Some cities feel like they are a part of you. Whether it’s the architecture, people, or culture, the connection you have can feel like an extension of your soul. Artist Oscar Oiwa has this type of special attachment to different cities across the globe. Rio de Janeiro, Tokyo, Paris, and New York deeply inform his work. It's exemplified in his new exhibition titled Metropolis, which features fantastical versions of the cities drawn in marker and charcoal.
Oiwa captures these places in a hyperrealistic style where the sprawling drawings encapsulate a flow of disparate imagery. His triptych work titled Zeus is at the center of the Metropolis show. It features the cities of Rio de Janeiro, Tokyo, and Paris and uses recognizable elements (such as the Eiffel Tower) to mix memories, realities, dreams, and geography alongside the Olympic games.
The Olympics bridge the gap between history because of their connection to both ancient Greece and the contemporary world. In Zeus, the places converge in their details as the iconic games take over the cities—in this case, personified as the Greek god Zeus—just like in real life.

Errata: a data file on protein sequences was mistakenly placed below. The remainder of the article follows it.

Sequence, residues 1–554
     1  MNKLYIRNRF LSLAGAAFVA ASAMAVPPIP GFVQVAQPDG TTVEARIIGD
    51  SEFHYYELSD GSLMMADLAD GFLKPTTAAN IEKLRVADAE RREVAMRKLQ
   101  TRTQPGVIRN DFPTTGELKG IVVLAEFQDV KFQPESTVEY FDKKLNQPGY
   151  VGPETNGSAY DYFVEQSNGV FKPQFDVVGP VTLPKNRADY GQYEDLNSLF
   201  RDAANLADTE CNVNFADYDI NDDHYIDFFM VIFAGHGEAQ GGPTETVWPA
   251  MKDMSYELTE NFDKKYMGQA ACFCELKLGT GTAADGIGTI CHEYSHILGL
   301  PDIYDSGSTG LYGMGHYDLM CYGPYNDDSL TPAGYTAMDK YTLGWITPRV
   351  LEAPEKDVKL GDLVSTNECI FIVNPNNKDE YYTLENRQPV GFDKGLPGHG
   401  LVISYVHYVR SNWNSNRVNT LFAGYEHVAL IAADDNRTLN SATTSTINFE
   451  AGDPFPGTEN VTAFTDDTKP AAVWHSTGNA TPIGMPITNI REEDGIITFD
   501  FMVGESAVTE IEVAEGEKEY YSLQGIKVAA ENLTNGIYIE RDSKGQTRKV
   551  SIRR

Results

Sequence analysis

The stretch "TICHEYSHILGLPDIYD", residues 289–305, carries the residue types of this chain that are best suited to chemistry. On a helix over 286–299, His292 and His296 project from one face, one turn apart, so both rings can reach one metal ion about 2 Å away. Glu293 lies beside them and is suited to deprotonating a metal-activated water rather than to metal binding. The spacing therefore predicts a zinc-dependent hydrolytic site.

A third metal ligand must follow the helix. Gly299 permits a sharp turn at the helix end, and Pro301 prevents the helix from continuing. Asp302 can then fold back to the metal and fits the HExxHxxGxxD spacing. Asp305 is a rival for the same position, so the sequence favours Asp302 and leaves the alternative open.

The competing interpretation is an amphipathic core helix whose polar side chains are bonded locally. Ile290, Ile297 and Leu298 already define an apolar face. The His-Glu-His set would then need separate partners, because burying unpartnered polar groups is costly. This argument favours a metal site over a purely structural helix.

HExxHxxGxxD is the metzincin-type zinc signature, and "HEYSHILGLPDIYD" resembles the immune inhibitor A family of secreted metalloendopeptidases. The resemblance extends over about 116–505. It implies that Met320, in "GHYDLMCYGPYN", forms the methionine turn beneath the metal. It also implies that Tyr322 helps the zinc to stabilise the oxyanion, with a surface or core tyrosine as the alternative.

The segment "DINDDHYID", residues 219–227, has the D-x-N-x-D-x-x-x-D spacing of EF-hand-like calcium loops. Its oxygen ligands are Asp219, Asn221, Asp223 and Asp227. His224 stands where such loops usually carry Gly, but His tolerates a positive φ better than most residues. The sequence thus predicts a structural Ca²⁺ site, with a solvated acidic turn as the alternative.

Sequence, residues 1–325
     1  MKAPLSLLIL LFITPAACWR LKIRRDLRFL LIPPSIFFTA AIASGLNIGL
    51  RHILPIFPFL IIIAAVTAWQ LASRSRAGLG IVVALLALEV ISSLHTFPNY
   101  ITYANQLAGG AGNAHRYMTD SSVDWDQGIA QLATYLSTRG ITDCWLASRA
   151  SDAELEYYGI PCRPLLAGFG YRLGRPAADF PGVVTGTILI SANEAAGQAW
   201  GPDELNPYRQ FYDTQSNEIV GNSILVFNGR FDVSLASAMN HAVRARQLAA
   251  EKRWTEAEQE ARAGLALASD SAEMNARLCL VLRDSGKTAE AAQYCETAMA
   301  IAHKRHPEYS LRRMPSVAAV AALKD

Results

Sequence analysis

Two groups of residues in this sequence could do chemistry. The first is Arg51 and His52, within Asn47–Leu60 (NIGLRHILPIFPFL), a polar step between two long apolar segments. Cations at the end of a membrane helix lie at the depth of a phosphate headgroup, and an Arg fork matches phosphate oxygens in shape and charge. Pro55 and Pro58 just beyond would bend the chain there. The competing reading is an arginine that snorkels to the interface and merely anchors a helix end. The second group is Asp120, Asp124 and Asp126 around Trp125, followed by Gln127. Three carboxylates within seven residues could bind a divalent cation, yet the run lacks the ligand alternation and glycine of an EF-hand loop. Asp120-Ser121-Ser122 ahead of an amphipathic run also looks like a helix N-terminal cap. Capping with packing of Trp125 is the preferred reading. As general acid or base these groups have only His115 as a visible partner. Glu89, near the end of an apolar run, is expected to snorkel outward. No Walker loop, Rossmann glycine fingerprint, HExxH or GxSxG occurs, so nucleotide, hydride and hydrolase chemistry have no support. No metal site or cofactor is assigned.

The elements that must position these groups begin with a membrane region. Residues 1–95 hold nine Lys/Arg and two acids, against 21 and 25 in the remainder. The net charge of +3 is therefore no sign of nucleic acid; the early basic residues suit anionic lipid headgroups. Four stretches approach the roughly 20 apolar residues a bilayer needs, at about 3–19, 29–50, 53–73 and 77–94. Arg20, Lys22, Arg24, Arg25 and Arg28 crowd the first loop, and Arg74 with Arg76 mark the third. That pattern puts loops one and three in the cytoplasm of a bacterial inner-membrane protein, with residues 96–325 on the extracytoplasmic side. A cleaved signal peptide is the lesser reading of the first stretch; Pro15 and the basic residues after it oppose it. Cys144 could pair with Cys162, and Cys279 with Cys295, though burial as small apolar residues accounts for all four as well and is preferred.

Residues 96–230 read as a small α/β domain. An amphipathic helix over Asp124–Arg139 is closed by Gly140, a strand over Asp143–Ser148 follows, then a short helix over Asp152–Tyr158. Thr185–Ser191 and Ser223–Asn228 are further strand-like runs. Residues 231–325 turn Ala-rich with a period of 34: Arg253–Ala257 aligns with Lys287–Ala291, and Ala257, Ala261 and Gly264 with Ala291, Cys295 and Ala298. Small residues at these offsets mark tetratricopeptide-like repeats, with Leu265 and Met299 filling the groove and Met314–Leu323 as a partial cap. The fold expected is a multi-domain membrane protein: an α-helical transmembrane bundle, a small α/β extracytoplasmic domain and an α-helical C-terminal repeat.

There are positive and negative effects when the Olympics come to a metropolis. “The impact of major sporting events like the Olympics on big cities is far-reaching,” Oiwa explains. “They bring about infrastructure development, economic growth, international exposure, and social-cultural impacts, leaving a lasting legacy. However, they also pose challenges such as high costs, environmental impact, and social issues that require effective management and careful navigation.” Oiwa captures these contrasts in his monumental work.
At 22 feet long, there is a lot to see in Zeus. If you have the chance, catch this work as well as other pieces by Oiwa in his exhibition Metropolis that's on view at NowHere in New York City until July 16, 2023.